I made peace with it, but how?
The first time I tried therapy, I remember sliding into the building as smoothly as possible, looking embarrassingly from left to right with the hope that no one I knew from school would recognize me and learn that I was seeking help. Thinking retrospectively, at the time, I still struggled with what society thought about people living with depression.
Finding peace is a process that can seem fancy on the outside. People always say, ‘go for therapy,’ ‘introspect,’ ‘engage in shadow work,’ etc. But what does that all mean for you as an individual? Here’s a story about my journey to finding peace. Spoilers, this journey is unending, and the words in this piece cannot and do not replace therapy (I am not a therapist). Before peace comes chaos, but yes, there’s an upside; after chaos comes peace.
The Light Bulb Moments
My first big light bulb moment was realizing in a small therapy room at GU that I could and should ask why. The therapist had asked me a random question, to which I’d given a basic answer, one I had shared with family and friends before, and she asked why. Her question threw me off-guard because it wasn’t one I often asked myself — why.
Why do I hate my birthdays? Why did I skip stats class and come to therapy today? Why did I hate Mondays for about six months of my life? Why does so and so action or person trigger certain emotions when I experience them, or they come around? Etc.
At this time, I had been abroad for roughly two months. Everything was new, the educational system, the weather, the food, the housing, and the neighborhood. I had a lot of adapting to do. I was also constantly afraid that my grades would drop and I would lose my scholarship. Finally, there was the guilt of watching my family go broke trying to see me chase my dreams. International students get the gist.
The first few times I asked myself some of these questions, I came back with blank answers, like the ones about people triggers, mainly because I had not come to terms with how certain people made me feel. For some, the response was more direct, like skipping stats class. I needed help, and I knew everything I cared about would suffer if I didn’t literally drop everything and find help while I still had some strength. For some, like the birthday, it took me back to a memory that happened when I was about I was between 5 and 7 years old. These responses or discoveries are what I refer to as my light bulb moments. They were some of the first few times that I went past the emotions to explore the reasons behind the feelings, reasons rooted in past experiences that I had chosen or failed to come to terms with.
What I took from my Light Bulb Moments
First, the truth hurts. LOL. The best example that comes to mind is suspecting someone is cheating on you, and you go through their phone and confirm your fears. Now fam, I suggest you have conversations with each other before you go a-scooby-doing because the truth hurts. Some answers might leave you feeling too helpless, small, afraid, weak, or confused to deal with the root cause of certain emotions. But, on the other hand, some answers might make you realize that some things are more clinical than physical, and some will give you the strength and clarity needed to forge ahead. I’ve come to understand that it’s all part of the process.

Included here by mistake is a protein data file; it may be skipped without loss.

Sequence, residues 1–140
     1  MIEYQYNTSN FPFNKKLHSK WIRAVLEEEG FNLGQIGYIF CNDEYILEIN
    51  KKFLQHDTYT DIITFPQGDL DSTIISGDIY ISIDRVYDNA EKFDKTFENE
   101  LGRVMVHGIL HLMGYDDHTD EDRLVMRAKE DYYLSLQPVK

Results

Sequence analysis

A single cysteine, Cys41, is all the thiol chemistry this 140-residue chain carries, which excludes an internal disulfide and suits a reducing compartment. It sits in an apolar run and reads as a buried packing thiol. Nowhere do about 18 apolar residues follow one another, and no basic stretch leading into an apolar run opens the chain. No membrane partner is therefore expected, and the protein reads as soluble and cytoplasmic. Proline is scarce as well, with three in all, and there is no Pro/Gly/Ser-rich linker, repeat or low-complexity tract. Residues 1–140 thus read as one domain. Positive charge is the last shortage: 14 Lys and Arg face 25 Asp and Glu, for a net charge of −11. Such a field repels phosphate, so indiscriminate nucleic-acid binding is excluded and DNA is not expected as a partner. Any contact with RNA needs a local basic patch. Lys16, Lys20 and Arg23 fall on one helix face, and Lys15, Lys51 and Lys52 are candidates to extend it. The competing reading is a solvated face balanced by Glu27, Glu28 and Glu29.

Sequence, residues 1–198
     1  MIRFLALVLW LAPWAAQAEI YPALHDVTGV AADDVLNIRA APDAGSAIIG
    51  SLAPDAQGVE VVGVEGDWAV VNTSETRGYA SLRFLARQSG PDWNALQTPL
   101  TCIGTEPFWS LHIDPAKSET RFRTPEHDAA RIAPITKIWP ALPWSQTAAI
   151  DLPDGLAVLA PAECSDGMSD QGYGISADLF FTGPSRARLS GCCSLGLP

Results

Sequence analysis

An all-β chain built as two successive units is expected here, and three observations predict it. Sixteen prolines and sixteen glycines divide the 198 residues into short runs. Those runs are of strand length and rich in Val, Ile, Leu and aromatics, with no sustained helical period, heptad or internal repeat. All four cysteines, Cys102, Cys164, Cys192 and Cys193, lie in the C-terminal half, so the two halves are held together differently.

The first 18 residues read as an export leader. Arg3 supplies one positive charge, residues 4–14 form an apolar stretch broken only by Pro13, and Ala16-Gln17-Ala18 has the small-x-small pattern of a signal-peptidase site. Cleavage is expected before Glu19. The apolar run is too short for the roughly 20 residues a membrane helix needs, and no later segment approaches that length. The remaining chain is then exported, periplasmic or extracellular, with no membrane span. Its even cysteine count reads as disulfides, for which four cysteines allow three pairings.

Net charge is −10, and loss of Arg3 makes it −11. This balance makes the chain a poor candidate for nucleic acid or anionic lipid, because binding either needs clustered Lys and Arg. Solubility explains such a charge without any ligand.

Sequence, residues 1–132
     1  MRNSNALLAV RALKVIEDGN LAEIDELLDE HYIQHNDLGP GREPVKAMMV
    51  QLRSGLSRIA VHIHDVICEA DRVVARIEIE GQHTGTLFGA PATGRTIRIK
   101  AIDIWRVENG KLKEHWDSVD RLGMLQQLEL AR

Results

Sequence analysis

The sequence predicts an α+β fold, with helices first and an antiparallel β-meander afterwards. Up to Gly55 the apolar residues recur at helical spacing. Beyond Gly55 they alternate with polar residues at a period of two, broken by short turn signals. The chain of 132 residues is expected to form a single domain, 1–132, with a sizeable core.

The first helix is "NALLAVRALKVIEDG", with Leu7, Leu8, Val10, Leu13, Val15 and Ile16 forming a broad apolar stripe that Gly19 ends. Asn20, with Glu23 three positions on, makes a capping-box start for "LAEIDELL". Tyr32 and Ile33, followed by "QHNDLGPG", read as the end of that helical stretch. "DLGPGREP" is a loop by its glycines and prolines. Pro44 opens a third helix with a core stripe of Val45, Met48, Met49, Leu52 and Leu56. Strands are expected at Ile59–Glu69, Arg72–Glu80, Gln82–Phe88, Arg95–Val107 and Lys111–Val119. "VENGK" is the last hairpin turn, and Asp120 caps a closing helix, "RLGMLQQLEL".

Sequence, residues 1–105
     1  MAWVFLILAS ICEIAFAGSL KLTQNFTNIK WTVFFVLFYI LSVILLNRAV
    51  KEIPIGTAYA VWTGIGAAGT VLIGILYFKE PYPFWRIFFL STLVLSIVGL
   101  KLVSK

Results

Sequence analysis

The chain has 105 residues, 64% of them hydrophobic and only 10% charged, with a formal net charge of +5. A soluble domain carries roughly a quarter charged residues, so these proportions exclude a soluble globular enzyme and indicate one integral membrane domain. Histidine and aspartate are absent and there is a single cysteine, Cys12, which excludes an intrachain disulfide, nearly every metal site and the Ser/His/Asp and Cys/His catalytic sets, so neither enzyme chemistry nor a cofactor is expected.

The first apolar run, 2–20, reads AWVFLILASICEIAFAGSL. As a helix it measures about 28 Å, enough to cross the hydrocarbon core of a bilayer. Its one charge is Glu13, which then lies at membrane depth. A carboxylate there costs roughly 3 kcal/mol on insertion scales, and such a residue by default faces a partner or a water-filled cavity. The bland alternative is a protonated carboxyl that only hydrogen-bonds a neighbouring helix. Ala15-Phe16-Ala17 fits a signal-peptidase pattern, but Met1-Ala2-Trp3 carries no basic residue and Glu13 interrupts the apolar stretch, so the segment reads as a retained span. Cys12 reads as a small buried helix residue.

Second, everything you don’t deal with eventually comes back to bite you in the ass, so pick a coping mechanism and face your challenges and emotions head-on. My favorite thing to do is cry. I often ask my friends if they need a group cry sesh where we don’t even have to say anything else but cry. I’ve learned that my tears are not a sign of weakness. So on your own, in your spare time, understand your preferred coping mechanism and apply it as you face your challenges head-on. My golden rule is never to cry or break in front of your oppressors. Remember that everything you don’t deal with eventually comes back to bite you in the ass.
Finally, it taught me to name my triggers and fears so that when they come for me, I can call them by their names no matter how they manifest. I’ve learned to dig into my past experiences and recall how I have successfully dealt with situations or lessons from similar previous encounters. Naming your fears means that when you meet them in another phase of your life, you are prepared to deal with them, and trust me, some of life’s stages are a bit familiar. But how can you deal with trauma when you’ve kept it neatly locked away?
Let me end by saying, ‘finding peace is a journey.’ Sometimes you think you’ve found it, and then something happens that makes you realize that you must pack your things once more and travel on. The road stretches farther than your mind’s eyes can see. But occasionally, even for a bit of time, we get answers that help us understand why we’re in our late twenties but loathe birthdays so much.